Ozarks At Large

Weekdays at noon and 7 p.m. and Sundays at 9 a.m. on 91.3 FM

This locally produced news magazine has covered news, sports, politics, arts & culture and the quirky and unusual happenings in the Ozarks for more than two decades.

You can follow Ozarks at Large on Facebook or on Twitter, and you can send us an email at ozarksatlarge@gmail.com.

You can also listen to episodes or subscribe to our podcast on Stitcher, through iTunes or with your favorite podcast app here. Or, if you prefer to listen to the show one story at a time, you can subscribe to a feed of just the stories on Stitcher or iTunes.

To find an older story from the show, visit the archived version of our old website here.

Click here to support Ozarks at Large on KUAF.   Be sure to include "OAL donation" in the comment section.  

This weekend in local music features the return of OzMoMu, plenty of opportunities to rosin up the bow, and a few birthdays.

Wednesday, Jan. 16

Thursday, Jan. 17

On today's show, we get a preview of a lecture taking palce this week that will highlight research into a new species of dinosaur discovered in Arkansas. Plus, we hear how the city of Rogers will address growth and parking, and our Militant Grammarian returns to give us a refresher course on proper comma usage.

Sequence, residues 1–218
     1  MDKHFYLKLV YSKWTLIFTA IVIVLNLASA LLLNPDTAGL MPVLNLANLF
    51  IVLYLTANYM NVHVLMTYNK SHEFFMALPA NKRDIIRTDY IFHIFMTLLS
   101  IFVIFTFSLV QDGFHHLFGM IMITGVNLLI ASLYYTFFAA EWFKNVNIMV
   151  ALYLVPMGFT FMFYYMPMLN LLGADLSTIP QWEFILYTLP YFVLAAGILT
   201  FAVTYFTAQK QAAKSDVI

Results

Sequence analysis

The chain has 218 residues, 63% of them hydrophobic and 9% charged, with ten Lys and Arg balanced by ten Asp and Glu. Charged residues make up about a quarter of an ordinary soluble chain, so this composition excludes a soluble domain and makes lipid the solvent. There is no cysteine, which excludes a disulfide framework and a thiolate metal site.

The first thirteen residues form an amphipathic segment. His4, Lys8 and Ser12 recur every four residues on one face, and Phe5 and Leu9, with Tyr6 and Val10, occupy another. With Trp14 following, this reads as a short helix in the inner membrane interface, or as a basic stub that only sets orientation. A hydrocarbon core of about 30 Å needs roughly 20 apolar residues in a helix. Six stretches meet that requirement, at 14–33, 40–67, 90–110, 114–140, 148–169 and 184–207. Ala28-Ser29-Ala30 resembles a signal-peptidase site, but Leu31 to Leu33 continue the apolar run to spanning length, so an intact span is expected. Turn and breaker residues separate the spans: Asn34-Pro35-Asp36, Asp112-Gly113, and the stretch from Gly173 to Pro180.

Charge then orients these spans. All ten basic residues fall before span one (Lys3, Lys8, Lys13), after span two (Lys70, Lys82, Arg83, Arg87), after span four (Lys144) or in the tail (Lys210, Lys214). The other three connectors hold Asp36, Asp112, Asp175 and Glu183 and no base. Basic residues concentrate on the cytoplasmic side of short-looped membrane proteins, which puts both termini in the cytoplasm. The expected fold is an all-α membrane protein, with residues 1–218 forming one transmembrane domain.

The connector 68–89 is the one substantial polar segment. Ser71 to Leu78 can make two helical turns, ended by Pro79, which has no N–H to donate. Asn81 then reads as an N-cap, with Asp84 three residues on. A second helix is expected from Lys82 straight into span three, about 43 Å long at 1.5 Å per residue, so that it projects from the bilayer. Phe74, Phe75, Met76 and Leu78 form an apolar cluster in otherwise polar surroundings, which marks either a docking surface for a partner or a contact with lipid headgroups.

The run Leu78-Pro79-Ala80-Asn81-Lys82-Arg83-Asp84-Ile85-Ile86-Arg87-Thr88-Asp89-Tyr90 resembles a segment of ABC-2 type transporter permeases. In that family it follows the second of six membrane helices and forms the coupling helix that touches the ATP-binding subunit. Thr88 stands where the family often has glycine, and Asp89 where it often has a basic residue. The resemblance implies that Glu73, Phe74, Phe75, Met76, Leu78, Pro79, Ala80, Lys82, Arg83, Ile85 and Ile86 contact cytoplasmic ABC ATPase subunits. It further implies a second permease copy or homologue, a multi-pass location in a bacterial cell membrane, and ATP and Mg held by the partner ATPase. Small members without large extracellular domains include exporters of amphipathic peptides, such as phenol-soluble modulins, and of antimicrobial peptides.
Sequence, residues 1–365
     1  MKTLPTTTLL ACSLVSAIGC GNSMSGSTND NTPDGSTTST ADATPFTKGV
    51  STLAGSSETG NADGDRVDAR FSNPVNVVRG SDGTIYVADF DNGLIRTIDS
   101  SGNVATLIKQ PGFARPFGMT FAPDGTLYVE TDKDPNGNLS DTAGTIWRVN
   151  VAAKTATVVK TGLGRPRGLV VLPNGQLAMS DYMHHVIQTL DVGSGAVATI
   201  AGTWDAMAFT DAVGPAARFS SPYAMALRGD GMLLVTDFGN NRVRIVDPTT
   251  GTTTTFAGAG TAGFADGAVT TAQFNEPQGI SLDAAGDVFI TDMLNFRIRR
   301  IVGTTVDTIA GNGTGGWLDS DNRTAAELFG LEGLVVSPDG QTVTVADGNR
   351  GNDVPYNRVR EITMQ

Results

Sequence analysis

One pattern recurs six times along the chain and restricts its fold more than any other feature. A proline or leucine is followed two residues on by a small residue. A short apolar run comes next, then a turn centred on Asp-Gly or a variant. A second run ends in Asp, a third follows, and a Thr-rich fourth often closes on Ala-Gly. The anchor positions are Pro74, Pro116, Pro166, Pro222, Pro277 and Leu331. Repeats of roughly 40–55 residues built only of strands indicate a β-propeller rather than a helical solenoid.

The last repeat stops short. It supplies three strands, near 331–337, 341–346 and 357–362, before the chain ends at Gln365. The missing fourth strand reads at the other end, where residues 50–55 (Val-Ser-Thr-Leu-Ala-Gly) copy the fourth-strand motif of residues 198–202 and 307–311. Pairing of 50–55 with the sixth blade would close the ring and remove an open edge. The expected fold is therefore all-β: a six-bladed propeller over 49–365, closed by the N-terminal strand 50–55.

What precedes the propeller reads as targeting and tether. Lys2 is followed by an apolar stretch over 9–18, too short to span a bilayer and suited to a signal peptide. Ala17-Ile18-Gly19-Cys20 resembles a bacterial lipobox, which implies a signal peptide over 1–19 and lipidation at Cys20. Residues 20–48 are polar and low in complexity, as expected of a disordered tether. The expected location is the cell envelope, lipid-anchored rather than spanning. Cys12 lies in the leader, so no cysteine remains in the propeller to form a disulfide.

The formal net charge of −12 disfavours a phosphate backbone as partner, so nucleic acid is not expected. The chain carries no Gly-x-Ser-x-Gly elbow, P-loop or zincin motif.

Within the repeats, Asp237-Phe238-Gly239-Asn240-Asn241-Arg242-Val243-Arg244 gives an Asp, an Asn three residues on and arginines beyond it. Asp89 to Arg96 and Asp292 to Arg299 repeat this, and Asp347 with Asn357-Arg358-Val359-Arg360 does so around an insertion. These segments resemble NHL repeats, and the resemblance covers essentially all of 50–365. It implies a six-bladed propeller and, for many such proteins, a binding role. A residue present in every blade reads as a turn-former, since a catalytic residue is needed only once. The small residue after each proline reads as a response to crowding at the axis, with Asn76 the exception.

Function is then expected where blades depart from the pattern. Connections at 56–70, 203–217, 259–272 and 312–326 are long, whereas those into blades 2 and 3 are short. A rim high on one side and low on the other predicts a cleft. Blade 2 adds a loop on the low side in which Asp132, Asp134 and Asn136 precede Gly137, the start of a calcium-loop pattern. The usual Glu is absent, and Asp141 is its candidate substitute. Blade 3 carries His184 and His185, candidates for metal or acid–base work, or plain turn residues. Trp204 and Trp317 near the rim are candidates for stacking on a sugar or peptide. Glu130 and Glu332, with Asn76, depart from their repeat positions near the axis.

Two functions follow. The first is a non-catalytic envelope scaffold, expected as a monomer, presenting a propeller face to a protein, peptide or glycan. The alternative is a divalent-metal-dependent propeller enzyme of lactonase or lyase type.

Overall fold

As the Arkansas General Assembly gets underway for this year's regular session, we look back at some of the scandals involving state legislators that came to light in 2018. Roby Brock, with our content partner Talk Business and Politics, speaks with political writer John Brummett about the latest developments and what might be next.

Last night, consultants revealed recommendations for the downtown Rogers parking plan. Residents can provide feedback via an online survey. Officials expect a final report next month.

Courtesy / University of Arkansas

In 2011, a group of researchers found dinosaur tracks in an Arkansas gypsum mine. Celina Suarez, an associate professor of geosciences at the University of Arkansas, will give a lecture this week on the findings of research into those trackways, which were the first samples of theropod tracks in Arkansas.